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D-Link Ships New AC1900 Dual Band Router

By - Source: D-Link | B 3 comments

Looking to build a Wireless AC network at home or in the office? D-Link has a solution for you: the new AC1900 Wi-Fi Router (DIR-880L). This device is now available in retail and online outlets that carry D-Link's hardware.

Based on the name, this dual-band router has a combined speed of 1900 Mbps. Break that number down, and you have up to 1300 Mbps on the 5 GHz band for Wireless AC devices, and up to 600 Mbps on the 2.4 GHz band for Wireless N devices. That latter number is actually really good, as other solutions on the market will only see 450 Mbps or 300 Mbps.

D-Link reports that the router has a brand new user interface that's optimized for mobile devices, featuring touch-enabled controls and an overall design that provides the information and tools you need for checking the status and managing the network on the fly.

"The AC1900 Router was designed to surpass expectations of what a wireless network can offer, specifically when it comes to the data-intensive demands of gamers and media streamers," said Ken Loyd, director of consumer product marketing, D-Link Systems, Inc.

The router features band steering technology, which according to D-Link, increases bandwidth efficiency and availability. There's also an "advanced" QoS engine that distributes traffic "optimally" across both wireless bands. The router also provides parental controls, the ability to block unwanted websites, monitor Internet activity, and set up a guess network.

This router also includes one gigabit WAN port, four gigabit LAN ports, one USB 3.0 port, and one USB 2.0 port. The spec sheet lists a Bridge Mode, DLNA media server support, Advanced AC Smartbeam, VPN passthrough and VPN server features.

Without having some hands-on time with this router, the device looks to be rather straightforward. D-Link is known for its networking equipment, so you know you're getting a quality product. If you want a network with speed, you have to keep an eye on the numbers. Like this router, they're labeled with combined speeds. Thus, you'll see AC1750 models (1300 + 450), AC1200 models (867 + 300, which doesn't equal 1200 but we're assuming they're rounding up), and even AC750 models (450 + 300).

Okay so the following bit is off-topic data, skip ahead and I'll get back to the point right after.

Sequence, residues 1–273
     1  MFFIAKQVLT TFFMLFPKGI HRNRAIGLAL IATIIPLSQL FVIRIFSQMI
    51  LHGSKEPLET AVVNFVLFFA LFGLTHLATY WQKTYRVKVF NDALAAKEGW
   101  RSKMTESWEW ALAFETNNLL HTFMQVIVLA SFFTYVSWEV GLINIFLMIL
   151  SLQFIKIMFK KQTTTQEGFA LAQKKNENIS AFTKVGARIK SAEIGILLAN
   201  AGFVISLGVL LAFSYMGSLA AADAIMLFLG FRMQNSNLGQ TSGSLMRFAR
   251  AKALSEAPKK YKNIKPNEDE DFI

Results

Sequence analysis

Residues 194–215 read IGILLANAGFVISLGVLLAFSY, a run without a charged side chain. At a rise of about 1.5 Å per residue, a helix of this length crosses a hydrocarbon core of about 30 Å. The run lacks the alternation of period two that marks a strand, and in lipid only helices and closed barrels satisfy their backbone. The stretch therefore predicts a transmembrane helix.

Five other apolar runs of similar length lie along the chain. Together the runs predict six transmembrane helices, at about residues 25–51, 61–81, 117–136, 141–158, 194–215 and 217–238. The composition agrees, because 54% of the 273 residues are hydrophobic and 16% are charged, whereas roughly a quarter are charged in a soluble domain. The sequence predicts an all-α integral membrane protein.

Of course, the faster the router, the higher the price. D-Link's new solution costs $189.99 USD, which isn't too shabby considering that some of the competition has a higher asking price for a similar product.

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  • 0 Hide
    vern72 , June 20, 2014 4:47 PM
    So they abandoned the cylinder-shaped ones? They were a bit to gimmicky anyways.
  • 0 Hide
    nocona_xeon , June 21, 2014 2:05 AM
    Also, so D-Link has abandoned repairing the firmware of their E3200 router which is prone to hacks? How nice of them. The company stated in their own forum MONTHS ago that there will be a new firmware "in a few weeks" that will solve the problem and NOTHING has become available. I know it won't matter to them, I won't buy any of their products ever again, and I will also be telling my co-workers (the non-tech people) to stay away from D-Link when purchasing for home use (you know the drill...about two or three employees will ask per week what you would recommend). D-Link, do not say you're going to fix something and then just abandon it. That is total BS to do to people. The E3200 is a great router and D-Link is ignoring it. cc: Ken Loyd, director of consumer product marketing.
  • 0 Hide
    Rose Ab , June 23, 2014 5:18 AM
    This is a great router. I also have several other model DLink routers.
    This will be a new generation of router and Wifi. Client side is still waiting on A/C support so keep looking for wireless adapters that will support the new A/C wireless speeds. They are coming.

    People fail to understand that most any Wifi router has issues, especially in area with numerous Wifi routers near by on 2.4Ghz. These are using up all the channels and thus people are seeing disconnections from there router as it has to stop and rescan for a different channel. In most cases the router can re-establish a connection, however sometimes it can't due to the channels being used up. If your aread is congested with 2.4Ghz wireless APs, then you need to think about switching to 5Ghz.

    As for NAT, that depends on the Host ISP modem. People fail to understand that if the ISP modem has a built in router already, this WILL produce NAT issues. It's preferred to bridge these modems if ISPs and the modems support this. If not, it's recommended to use DMZ on the modem and put the external router into the modems DMZ. ALL routers work well. it's how they are set up and what they are set up with that can dictate how they work for users. This IS a good router. People need to research there needs and product details before buying so they buy what they really need.